There was a little chill in the air Friday night as my 11-year-old daughter and I came back from the local high school’s homecoming football game.
“I think fall is my favorite season,” she said. “It’s finally comfortable after being so hot for so long. It’s refreshing.”
I told her that I always preferred spring. I liked the urge to head outside when the thermometer hit 50 degrees just because we’d suffered through a few months of freezing temperatures. Nearly every day is a little warmer than the one before, until suddenly it’s summer.
“It’s so beautiful to see all the leaves changing colors,” she countered.
I’ve always liked seeing all the plants budding in the spring. Who needs leaves dying and falling to the ground when you can see life growing on every branch?
“I like how things start getting busy with all our activities,” she said.
We’ll have to agree to disagree on that. For one, there’s a weird overlap in the spring where yearlong activities overlap with summer ones, so we’re plenty busy then. While our girls may enjoy the car time with dad and mom running them to dance, volleyball, cheer, choir and piano lessons, well, they’re not driving.
“There’s nothing like sitting around a fire outside on a fall night,” she argued.
She had me there. I’d recently finished building a brick fire pit in our yard, but it’d been too hot to justify throwing a couple branches on a fire and making S’mores. We knew that back at home, her mom had been tending a fire and roasting marshmallows instead of watching the local team play. My wife even sent me a short video of the flames crackling, and it sure looked soothing.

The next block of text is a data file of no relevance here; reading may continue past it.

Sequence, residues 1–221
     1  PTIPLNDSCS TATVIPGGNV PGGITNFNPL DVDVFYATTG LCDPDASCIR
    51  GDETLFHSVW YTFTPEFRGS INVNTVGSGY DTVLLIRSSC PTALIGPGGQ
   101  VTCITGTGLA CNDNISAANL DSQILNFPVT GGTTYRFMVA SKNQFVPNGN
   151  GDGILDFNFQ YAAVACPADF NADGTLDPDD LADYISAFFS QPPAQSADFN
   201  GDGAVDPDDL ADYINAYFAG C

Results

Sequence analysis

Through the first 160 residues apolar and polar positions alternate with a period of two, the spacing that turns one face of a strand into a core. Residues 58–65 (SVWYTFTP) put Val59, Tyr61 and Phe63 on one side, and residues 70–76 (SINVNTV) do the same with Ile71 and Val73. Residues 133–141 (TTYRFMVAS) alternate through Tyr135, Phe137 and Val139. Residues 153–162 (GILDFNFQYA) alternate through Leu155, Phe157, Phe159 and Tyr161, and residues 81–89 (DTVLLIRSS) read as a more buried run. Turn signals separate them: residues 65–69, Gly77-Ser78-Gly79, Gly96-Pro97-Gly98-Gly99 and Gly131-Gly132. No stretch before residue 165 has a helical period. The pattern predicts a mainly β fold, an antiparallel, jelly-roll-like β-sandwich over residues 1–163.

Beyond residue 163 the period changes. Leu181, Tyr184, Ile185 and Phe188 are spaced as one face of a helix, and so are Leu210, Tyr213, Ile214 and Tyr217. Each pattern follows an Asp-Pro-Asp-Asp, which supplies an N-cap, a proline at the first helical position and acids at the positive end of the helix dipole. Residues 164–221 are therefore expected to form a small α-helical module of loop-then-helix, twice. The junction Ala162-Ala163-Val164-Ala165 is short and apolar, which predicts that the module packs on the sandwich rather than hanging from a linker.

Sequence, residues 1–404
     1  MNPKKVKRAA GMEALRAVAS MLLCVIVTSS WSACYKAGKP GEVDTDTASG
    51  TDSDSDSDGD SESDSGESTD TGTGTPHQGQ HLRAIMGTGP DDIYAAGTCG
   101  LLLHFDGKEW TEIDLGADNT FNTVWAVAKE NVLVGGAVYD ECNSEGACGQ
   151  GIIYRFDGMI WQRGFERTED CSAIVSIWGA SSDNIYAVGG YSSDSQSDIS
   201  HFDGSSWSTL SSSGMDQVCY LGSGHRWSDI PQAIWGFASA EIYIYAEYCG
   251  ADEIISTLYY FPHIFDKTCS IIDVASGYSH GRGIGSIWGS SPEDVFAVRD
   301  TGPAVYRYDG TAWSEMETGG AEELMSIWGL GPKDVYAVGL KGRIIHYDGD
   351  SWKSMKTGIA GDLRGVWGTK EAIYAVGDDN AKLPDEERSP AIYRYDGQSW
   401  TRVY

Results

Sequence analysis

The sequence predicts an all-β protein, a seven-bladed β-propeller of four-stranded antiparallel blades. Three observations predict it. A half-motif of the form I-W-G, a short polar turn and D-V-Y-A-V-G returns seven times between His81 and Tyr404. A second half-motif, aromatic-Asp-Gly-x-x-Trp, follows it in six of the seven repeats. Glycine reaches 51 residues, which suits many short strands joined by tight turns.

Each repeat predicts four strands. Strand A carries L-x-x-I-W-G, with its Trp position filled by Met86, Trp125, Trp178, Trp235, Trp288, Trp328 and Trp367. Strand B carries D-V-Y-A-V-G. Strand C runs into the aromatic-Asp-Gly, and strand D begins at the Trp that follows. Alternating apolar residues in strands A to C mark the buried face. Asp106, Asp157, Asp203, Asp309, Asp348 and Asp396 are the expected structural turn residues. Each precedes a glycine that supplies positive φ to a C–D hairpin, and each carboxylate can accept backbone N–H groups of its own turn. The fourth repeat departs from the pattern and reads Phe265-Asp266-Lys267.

“And what about football? They don’t play football in the spring,” she emphasized.
She had me there. She knows football is my favorite sport. And most fall weekends, we’re watching high school on Friday, college on Saturday and pros on Sunday (and probably Monday night, too).
For my money, it’s the ultimate team sport, where each of the 11 has to do his job for there to be any success. Any breakdown of that cohesiveness means you’ll lose, no matter how good any individual might be. If you doubt me, consider how many Super Bowls that Barry Sanders went to despite his incredible gifts.
This girl may be a lawyer some day. She successfully swung this jury of one that perhaps fall is better than spring. I’ll do my best to enjoy all the wonders of this autumn, just to make sure.